Tuesday, 30 September 2014

Reading the code

14 September 2014

Oare Marshes

I ran the moth trap overnight for the first time in many weeks, hoping for a few interesting species. The catch was fairly average in the end with a few nice autumn moths though typically no migrants.




With an afternoon high tide I decided to return to Oare Marshes where a slightly increased flock of 15 Curlew Sandpiper arrived not the flood. A single Bar-tailed Godwit and Greenshank joined the main roost of Black-tailed Godwit and Redshank and 3 Little Stint (2 juv, 1 adult) arrived as the tide rose. I had hoped to try to read the ring code on the Curlew Sandpiper seen yesterday, but not read due to the blustery wind. 

From the Hide I noticed one of the Curlew Sandpipers on the spit was the red-ringed bird from yesterday. It was asleep in the water and way too far off to read, even if the ring had been fully visible. Later from the road I relocated it. For 30 minutes it slept with its ring obscured below the water. Occasionally it scratched, walked around, jumped on to the bank out of view or ran around too fast to read the ring, but eventually it paused in view and I managed to read the code, which has now been submitted to the BTO. Hopefully as a juvenile this will prove a very interesting record for the ringer and for me.

A small area of the Swale can be seen from the hide and as I scanned across it I noticed an Arctic Skua rise from the water. It was soon joined by two more then the three put up another two. I followed the three which moved higher and into the Swale where they joined another two which circled up high and then headed west. A Kingfisher flew past calling as I walked around to the sea wall hide. Over 45 minutes I scanned hoping for another skua. A couple of Sanderling, a Common Tern and a Sandwich Tern were the best I could manage, and a Turnstone was on the causeway.

Four of the five Arctic Skua that flew up the Swale
Some of the waders in the roost including the red ringed juvenile Curlew Sandpiper, just behind the Goldies

Monday, 15 September 2014

Can easterlies blow too long?

13 September 2014

Reculver and Oare



With the wind continuing from the east the number of migrants had reduced through the week, though the promise of the odd scarcity remained a real possibility. I started at Reculver and walked out along Chamber's Wall to the sea. I met Marc Heath and Chiddy on the concrete road and they reported little reward from a long walk down from Bishopstone across the fields. Swallows were moving west in small numbers and the first stubble field held 3 Wheatear and at least 6 Whinchat. Meadow Pipits were evident in small numbers, walking around the stubble and flying up in small noisy parties. The hedges and car park produced a Chiffchaff and a Spotted Flycatcher. I walked along the ditch flushing a Turtle Dove out of the scrub, another Chiffchaff was heard calling and a few Meadow Pipit, Yellow Wagtail and Swallow flew over.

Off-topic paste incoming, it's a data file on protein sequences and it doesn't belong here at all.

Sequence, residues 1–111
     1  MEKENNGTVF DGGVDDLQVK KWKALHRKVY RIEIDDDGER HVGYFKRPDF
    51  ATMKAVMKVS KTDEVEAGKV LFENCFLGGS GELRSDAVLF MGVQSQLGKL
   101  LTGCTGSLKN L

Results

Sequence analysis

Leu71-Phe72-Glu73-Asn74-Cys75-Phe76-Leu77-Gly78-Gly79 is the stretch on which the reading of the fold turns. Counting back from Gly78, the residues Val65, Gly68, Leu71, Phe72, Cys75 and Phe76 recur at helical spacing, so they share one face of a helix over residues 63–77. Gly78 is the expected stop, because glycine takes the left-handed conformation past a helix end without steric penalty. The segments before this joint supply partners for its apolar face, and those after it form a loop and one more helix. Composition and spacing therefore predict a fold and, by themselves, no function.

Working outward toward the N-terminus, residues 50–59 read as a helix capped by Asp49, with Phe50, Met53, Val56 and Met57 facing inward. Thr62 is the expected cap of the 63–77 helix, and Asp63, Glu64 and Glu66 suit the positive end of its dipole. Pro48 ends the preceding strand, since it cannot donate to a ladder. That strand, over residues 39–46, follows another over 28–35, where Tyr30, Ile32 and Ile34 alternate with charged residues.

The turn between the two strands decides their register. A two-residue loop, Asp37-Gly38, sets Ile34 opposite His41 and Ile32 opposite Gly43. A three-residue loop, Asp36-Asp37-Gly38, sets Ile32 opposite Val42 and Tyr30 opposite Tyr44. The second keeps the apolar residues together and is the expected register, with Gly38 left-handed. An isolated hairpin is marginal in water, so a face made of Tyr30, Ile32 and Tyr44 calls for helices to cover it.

Spotted Flycatcher
I bumped into Matt Hindle and Derek Smith along the path and they confirmed just a few migrants along the railway, including a few Redstart. I checked the scrub by the white poplars finding two Chiffchaff. The section of path to the sea produced just a couple of Chiffchaff and a small flock of Swallows flying west. The real highlight was the number of butterflies in the ivy with at least 25 Red Admiral, a Peacock and 2 Painted Lady.


Yellow Wagtail

I wandered back to the car seeing largely similar birds, but found a nice flock of Yellow Wagtail along the concrete road and grabbed a couple of photos before the flew away. Next stop was Shuart Farm, which was absolutely devoid of migrants, not helped by the endless maize crops along the track. A Comma, 10 Red Admiral and 2 Small Tortoiseshell were seen along the path.

I drove west stopping briefly at Seasalter to check the Swale estuary on the incoming tide, hoping for a Skua. After half an hour I'd seen nothing and decided to finish the day at Oare - at least there would be some birds.



As the tide rose the waders arrived - A juvenile Little Stint and five Curlew Sandpiper were the highlights. A couple of Knot among the Redshank and Black-tailed Godwits, plus a single Greenshank in the corner. Duck numbers and variety were increasing and the first Pintail was quietly feeding along the edge of the reeds. Several flocks of Wigeon arrived apparently from the North Sea, some overflying and others dropping down to join the Teal and Shoveler. As I scanned from the East Flood Hide an Arctic Skua dropped down onto the Swale causing me to rush around to the sea wall hide. I scanned for about 45 minutes, but there was no sign and just a juvenile Little Gull to show for my effort. About 50 Brent Geese were the first f the autumn. Back at the road an adult Hobby sat on a perch, 5 Yellow Wagtail fed with the cows and a juvenile Hobby caused mayhem over the flood before I left. Over the Swale a huge flock of 84 Little Egrets took flight and headed east along the coast. One of the juvenile Curlew Sandpipers was seen to have a numbered red darvic ring on its right leg, but the wind and distance made it just too difficult to read.